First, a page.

Is Canada a mobile laggard?

INDEPENDENT MEDIA by Steve Anderson

There is something uniquely powerful about everyday people having access to the Internet from tiny devices in their pocket. That ubiquitous access to each other creates possibilities that are worth fighting for and saving. The mobile and wireless accessed Internet, combined with emerging open web and open data applications, has the potential to usher in a new era of connectedness, and with it, dramatic changes to social practices and institutions. If we get digital public policy right, Canada could become a leader in mobile communications, leading to empowerment, job creation and new forms of entrepreneurialism, expression and social change.

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Carcinogens and cooking

NUTRISPEAK by Vesanto Melina

Have you ever thought of going mainly or entirely raw? You’d likely shed a few pounds. And that’s not all. Some of our favourite tastes are linked to by-products of cooking that are bad, bad, bad for us. When food is cooked, especially at high temperatures, by-products can form that pose a threat to health. Among the most notorious are heterocyclic amines (HCAs), polycyclic aromatic hydrocarbons (PAHs), advanced glycation end-products (AGEs) and acrylamide. Let’s see what’s cooking.

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Tough coming of age stories

FILMS WORTH WATCHING by Robert Alstead

Fish Tank (out on March 12) is one of those gritty, working class, Brit flicks that makes few concessions to the demands of commercial cinema. Set in the grimy hinterlands of contemporary underclass England, it’s a rite of passage drama about a bored and stroppy teenager, Mia, whose transition into adulthood begins when her mum brings a new man home to their grungy, high-rise flat.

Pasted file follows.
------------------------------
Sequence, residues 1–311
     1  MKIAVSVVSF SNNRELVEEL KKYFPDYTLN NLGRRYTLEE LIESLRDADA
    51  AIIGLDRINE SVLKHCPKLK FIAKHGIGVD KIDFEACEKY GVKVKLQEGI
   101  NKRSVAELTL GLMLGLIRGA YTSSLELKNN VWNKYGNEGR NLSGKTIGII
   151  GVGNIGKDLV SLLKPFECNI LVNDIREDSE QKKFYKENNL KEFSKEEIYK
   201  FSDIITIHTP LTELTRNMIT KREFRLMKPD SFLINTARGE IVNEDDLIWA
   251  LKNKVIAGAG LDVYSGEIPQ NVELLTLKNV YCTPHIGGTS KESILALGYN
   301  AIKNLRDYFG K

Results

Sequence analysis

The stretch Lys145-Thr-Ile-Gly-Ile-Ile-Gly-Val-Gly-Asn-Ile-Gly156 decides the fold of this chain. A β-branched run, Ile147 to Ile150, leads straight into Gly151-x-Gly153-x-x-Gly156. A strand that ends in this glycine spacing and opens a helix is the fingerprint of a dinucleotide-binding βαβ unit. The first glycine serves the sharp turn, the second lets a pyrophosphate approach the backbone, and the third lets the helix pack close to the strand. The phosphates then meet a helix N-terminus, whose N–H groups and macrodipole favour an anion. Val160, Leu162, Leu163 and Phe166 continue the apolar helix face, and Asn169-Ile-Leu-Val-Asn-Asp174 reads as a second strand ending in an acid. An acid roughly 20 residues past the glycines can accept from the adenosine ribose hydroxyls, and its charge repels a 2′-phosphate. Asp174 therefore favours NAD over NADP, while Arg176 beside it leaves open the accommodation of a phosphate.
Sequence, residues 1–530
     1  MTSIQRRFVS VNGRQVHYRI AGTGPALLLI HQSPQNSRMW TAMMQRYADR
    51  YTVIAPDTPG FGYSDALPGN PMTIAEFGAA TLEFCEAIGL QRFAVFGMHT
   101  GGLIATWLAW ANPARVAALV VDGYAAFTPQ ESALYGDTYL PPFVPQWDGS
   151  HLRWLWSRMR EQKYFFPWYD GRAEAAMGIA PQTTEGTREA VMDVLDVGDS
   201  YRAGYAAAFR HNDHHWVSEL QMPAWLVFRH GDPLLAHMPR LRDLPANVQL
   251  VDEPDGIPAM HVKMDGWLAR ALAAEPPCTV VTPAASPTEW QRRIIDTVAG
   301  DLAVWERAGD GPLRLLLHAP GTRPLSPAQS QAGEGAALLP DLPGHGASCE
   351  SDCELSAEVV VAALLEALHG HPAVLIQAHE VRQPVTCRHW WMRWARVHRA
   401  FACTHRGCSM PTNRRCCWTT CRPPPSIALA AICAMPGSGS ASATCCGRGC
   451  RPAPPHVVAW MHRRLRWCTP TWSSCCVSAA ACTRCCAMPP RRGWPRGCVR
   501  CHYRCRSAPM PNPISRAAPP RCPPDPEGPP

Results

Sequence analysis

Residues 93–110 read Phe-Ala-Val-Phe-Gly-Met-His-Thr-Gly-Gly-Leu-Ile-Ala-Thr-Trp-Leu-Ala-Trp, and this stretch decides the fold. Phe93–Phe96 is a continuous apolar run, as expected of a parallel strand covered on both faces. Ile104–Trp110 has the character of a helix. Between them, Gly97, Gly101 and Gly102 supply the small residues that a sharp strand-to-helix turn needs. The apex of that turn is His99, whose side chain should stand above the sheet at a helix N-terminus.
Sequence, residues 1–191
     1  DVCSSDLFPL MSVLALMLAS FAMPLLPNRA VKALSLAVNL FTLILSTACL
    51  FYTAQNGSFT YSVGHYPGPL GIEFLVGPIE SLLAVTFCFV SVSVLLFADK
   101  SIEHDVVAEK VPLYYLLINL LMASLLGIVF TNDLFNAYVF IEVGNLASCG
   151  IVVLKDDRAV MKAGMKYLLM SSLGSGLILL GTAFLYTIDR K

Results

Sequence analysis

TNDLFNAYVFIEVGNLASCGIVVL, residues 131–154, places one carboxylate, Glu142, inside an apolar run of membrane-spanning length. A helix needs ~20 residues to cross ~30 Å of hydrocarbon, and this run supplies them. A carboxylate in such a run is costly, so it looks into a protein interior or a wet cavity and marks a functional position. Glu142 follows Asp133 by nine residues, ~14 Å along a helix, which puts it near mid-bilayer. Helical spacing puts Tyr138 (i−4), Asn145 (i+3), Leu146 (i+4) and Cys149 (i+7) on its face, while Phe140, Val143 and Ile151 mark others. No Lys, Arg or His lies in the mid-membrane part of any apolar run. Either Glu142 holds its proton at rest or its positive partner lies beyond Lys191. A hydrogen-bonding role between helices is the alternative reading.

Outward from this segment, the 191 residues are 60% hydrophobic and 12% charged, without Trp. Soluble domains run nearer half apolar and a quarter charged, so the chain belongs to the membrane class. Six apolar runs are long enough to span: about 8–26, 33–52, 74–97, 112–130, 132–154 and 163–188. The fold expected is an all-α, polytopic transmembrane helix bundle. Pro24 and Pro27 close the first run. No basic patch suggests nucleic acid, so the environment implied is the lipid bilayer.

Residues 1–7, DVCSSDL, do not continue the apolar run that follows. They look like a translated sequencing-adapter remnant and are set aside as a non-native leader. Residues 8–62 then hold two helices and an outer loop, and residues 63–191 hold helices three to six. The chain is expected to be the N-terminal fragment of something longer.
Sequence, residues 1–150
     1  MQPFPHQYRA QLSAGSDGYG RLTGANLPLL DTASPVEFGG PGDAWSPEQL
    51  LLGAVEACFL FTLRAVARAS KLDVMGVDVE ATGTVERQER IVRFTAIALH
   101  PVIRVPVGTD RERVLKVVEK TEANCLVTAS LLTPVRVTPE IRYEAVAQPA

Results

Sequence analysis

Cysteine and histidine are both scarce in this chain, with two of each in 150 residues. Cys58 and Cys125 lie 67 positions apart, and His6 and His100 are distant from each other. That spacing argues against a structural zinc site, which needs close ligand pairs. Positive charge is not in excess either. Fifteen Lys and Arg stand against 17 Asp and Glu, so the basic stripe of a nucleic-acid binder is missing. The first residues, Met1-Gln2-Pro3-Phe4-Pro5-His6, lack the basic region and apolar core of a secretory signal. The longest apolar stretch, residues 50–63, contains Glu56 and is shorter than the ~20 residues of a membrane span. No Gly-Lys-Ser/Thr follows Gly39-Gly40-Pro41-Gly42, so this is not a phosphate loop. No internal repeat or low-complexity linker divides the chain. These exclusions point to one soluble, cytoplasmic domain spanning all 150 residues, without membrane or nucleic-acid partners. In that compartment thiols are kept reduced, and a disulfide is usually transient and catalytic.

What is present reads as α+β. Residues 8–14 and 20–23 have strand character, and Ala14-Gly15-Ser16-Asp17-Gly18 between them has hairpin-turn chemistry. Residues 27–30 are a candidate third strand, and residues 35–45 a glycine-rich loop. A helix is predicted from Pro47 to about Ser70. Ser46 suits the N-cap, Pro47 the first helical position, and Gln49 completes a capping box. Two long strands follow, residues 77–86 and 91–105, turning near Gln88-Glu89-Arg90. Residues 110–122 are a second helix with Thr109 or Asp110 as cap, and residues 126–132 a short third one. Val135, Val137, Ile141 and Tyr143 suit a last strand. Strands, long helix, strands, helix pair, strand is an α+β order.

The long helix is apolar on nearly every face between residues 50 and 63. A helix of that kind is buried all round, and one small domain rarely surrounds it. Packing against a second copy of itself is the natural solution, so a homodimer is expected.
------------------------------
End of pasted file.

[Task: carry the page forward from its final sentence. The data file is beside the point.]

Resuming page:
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Nature’s bottom line

SCIENCE MATTERS by David Suzuki with Faisal Moola

In December, Canadian specialty TV channel Business News Network interviewed me about the climate summit in Copenhagen. My six-minute interview followed a five-minute live report from Copenhagen, about poor countries demanding more money to address climate change and rich countries pleading a lack of resources. Before and after those spots were all kinds of reports on the Dow Jones Industrial Average, the price of gold and the loonie, and the implications of some new phone technology.

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Words of wisdom

WRITING ON THE WALL by Maya Angelou

Life lessons: I’ve learned that people will forget what you said, people will forget what you did, but people will never forget how you made them feel. Each of us has that right, that possibility, to invent ourselves daily. If a person does not invent herself, she will be invented. So, to be bodacious enough to invent ourselves is wise. I’ve learned that you shouldn’t go through life with a catcher’s mitt on both hands; you need to be able to throw something back.

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Chant enchantress – an evening with Snatam Kaur

by Alan di Perna

Concert, chantfest, musical group meditation, a yoga class in melody . . . how best to describe a live performance by Snatam Kaur and her band? It’s all of these things and more. Seated center stage, Snatam is an angelic presence, dressed in traditional Sikh attire, bejeweled dress, white turban and veil. She’s a diminutive woman, barely five feet tall, but possessed of a voice that could wrest tears from a stone gargoyle — crystalline and radiant, redolent of the simple yet powerful truth of the heart. That voice has made her one of the top selling artists in the field of world sacred music. Amid the swelling ranks of devotional divas and mantra mamas, Snatam stands tall.

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Olympics earn a bronze for climate action says Suzuki Foundation

The Vancouver 2010 Olympics have made the podium with a bronze medal for their efforts to reduce the event’s climate impact, according to a climate scorecard released by the David Suzuki Foundation. Achievements of the 2010 Olympics include building energy efficient venues, using clean-energy sources, relying on public transit during the Games and offsetting part of the Games’ emissions.

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